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Brogan, J.A. (1977). Relation of Ego to Id, Superego, and Reality. Am. J. Psychoanal., 37(3):229-234.
(1977). American Journal of Psychoanalysis, 37(3):229-234
Relation of Ego to Id, Superego, and Reality
John A. Brogan, M.A.
For a number of years theorists have been concerned with how and to what degree a person is able to maintain ego autonomy. Describing both as “parameters of the relative autonomy of the ego,” Rapaport defined ego activity as “control over drive demands” in accordance with reality demands and ego passivity as “helplessness in the face of drive demands.”1 By relative autonomy, Rapaport was referring to the idea that one's ego functioning is never completely independent from either the demands of one's basic drives or one's external environment.2 In this conception, an inverse relationship exists between the two types of ego autonomies (id and external environment)—that is, extreme autonomy from one's instinctual drives impairs one's autonomy from the external environment and vice versa (cf. Holt 3).
Regarding ego autonomy from environmental demands, Erika Fromm illustrated the various ego-active or ego-passive ways by which one either maintains or fails to maintain independence from such demands.4 She further clarified the distinction between behavioral (or motoric) and dynamic activity and passivity, a distinction noted earlier by Rapaport.1
The theory of ego autonomy was extended by Stolar and Fromm to consider ego-superego relations.5 In outlining forms of ego activity and passivity with regard to superego demands, they suggested that one defends against superego demands in much the same way as one defends against drive demands and against demands coming from the environment.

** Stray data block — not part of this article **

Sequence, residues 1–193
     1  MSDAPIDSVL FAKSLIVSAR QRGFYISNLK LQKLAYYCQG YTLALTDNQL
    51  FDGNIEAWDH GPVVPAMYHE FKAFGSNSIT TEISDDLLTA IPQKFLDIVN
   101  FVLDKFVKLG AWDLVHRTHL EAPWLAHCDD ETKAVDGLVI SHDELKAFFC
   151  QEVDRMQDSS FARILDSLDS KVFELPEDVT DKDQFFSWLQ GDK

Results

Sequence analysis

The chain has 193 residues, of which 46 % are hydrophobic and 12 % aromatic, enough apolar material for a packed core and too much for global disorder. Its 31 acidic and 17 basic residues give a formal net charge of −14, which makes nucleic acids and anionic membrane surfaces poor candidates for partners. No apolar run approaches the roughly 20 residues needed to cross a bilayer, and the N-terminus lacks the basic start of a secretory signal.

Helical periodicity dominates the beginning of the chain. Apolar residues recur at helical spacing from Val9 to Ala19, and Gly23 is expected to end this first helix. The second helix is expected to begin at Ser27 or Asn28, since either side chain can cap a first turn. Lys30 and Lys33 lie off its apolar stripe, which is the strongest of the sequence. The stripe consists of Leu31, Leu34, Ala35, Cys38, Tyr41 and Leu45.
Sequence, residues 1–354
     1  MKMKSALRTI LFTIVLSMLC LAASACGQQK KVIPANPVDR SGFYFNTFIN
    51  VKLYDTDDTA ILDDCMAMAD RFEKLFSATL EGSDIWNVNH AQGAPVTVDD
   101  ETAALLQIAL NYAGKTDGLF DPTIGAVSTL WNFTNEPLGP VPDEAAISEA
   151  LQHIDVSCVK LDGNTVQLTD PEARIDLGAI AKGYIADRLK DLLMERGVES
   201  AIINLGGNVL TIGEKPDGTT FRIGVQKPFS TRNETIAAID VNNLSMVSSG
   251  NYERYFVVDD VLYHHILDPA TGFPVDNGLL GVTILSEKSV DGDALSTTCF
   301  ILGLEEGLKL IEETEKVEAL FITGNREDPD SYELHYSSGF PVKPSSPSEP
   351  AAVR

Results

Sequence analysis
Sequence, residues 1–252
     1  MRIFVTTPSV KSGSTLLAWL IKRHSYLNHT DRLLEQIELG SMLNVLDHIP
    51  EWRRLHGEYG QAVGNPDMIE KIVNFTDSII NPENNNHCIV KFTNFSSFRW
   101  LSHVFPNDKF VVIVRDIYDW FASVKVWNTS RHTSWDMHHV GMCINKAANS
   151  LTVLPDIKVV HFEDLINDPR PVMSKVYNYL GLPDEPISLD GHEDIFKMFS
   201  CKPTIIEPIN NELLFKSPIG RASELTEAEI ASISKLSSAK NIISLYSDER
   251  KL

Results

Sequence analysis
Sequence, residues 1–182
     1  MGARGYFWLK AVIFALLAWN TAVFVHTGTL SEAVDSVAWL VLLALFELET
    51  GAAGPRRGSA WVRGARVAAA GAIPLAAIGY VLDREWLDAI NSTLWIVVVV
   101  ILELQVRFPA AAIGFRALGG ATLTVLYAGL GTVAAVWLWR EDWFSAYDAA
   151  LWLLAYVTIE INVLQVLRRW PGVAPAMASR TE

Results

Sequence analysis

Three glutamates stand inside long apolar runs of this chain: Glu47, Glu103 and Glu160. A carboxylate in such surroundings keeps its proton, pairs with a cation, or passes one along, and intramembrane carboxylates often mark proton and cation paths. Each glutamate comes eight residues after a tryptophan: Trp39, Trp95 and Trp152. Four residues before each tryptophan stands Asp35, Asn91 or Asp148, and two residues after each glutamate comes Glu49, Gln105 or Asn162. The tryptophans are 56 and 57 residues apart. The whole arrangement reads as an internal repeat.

Although perhaps never explicitly identified, the development of these aspects of the theory of ego activity and passivity has been accompanied by a positive valuation upon the maintenance of ego autonomy via the ego-active conditions as the means by which one's health or well being is best served. The issue of theoretical and clinical significance will be explored here: is one's healthy ego functioning necessarily always dynamically active in relation to the demands of one's drives, superego organization, and external reality?
Ego functioning is defined in terms of its relations to id, superego, and external reality, as well as in terms of its own characteristics (i.e., its own structural integrities or deficiencies).
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